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Microsoft fixes PrintNightmare vulnerability but leaves it open to local attacks

Printer Spool vulnerability fixed
(Image credit: Pixabay - mohamed_hassan)
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Microsoft has gone out of its way this week to fix a vulnerability known as 'PrintNightmare'. First officially acknowledged by Microsoft on July 1, according to Complete I.T. Blog (opens in new tab), the vulnerability meant any instances where Microsoft Windows Print Spooler service was running, a PC would be left open to attackers, who could remotely execute malicious code at will.

The news of a fix to the vulnerability, filename CVE-2021-34527, came to our attention via @Msftsecresponse on Twitter:

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Printers are a relatively common target for hackers trying to take control of machines, and once they find themselves with system privileges, they can easily shuffle your data, delete or copy important files, even create new accounts with admin rights, along with countless other sneaky activities.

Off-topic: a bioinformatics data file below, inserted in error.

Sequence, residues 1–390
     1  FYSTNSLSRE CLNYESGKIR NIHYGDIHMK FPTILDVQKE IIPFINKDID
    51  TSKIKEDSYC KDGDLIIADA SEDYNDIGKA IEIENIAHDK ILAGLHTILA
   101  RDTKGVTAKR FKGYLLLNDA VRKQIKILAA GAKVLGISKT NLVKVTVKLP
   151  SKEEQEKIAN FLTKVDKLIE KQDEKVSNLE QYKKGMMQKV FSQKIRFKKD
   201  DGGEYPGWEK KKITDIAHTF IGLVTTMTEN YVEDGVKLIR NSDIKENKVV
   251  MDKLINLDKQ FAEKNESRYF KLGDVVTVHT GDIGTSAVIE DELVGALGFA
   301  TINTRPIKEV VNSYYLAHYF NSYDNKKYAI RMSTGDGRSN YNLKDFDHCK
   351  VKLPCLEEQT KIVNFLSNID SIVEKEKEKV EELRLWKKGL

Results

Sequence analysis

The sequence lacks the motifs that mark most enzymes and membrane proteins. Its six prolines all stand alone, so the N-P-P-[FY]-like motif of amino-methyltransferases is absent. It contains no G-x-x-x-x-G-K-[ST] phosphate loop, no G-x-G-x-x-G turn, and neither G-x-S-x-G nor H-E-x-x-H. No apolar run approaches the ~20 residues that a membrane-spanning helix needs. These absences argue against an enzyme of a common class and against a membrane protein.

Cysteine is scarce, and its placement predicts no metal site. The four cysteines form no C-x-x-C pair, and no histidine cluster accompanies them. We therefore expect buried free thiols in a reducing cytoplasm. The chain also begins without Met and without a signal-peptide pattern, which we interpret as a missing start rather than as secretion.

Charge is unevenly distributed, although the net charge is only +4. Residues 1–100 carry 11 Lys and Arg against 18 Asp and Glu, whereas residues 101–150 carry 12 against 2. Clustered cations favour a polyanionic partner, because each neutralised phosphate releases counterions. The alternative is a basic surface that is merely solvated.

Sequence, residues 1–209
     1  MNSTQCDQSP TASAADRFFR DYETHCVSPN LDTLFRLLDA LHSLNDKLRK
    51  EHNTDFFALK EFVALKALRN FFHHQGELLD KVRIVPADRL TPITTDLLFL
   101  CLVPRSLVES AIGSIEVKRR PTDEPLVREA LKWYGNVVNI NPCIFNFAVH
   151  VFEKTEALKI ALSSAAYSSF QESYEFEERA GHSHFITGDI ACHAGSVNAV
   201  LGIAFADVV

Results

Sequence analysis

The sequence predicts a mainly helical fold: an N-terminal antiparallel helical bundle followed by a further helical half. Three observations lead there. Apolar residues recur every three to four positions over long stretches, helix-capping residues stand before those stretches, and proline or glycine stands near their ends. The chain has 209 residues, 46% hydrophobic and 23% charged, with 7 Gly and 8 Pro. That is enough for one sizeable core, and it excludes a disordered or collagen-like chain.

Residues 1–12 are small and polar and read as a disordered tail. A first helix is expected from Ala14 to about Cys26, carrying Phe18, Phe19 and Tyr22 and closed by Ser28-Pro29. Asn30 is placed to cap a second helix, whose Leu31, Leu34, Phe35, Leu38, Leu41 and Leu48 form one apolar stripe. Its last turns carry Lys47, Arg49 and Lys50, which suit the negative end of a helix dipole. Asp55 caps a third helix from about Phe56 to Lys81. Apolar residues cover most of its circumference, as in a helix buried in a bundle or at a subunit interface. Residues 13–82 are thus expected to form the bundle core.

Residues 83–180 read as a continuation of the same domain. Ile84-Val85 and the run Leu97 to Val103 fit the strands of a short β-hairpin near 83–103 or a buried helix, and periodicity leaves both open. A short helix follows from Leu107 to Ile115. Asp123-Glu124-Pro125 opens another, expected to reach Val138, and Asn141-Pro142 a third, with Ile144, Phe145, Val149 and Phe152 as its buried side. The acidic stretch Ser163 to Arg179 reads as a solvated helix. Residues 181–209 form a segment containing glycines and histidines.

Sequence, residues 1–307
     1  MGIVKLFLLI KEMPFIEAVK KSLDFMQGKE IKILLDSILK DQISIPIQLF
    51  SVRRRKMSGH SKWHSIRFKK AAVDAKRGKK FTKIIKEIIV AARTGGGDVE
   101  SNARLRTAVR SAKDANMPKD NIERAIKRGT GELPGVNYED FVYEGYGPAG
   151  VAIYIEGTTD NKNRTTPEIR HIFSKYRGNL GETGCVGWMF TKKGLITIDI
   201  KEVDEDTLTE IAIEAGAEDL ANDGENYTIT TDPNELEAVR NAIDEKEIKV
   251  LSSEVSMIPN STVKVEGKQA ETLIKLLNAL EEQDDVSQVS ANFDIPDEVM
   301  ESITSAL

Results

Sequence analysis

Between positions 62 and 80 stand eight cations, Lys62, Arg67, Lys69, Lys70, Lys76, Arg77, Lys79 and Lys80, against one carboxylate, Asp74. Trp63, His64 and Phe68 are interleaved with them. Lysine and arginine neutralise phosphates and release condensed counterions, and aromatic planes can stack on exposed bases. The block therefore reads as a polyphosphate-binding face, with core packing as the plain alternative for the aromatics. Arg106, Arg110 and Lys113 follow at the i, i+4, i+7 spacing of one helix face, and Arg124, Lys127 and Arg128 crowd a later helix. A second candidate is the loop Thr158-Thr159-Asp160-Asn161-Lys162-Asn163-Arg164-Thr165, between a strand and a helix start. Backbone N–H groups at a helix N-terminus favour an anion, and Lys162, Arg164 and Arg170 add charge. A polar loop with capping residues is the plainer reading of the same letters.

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With one of the only workarounds being the system admin manually disabling the Print Spooler service—unhelpful if you need to use it on a daily basis—it comes as a great relief that Microsoft has finally rolled out a patch.

But the patch isn't a full fix, leaving Print Spooler users open still to local attacks. As noted by Tijs Hofmans over at tweakers (opens in new tab), "It is still possible to perform a local privilege escalation. To prevent this, users can disable the Point&Print functionality."

You can find the Microsoft Windows Print Spooler security updates for here (opens in new tab), anyway. Just be aware of any dodgy looking, probably hood-wearing characters using your local network. That's what hackers look like, right?

Katie Wickens
Hardware Writer

Screw sports, Katie would rather watch Intel, AMD and Nvidia go at it. Having been obsessed with computers and graphics for three long decades, she took Game Art and Design up to Masters level at uni, and has been demystifying tech and science—rather sarcastically—for two years since. She can be found admiring AI advancements, scrambling for scintillating Raspberry Pi projects, preaching cybersecurity awareness, sighing over semiconductors, and gawping at the latest GPU upgrades. She's been heading the PCG Steam Deck content hike, while waiting patiently for her chance to upload her consciousness into the cloud.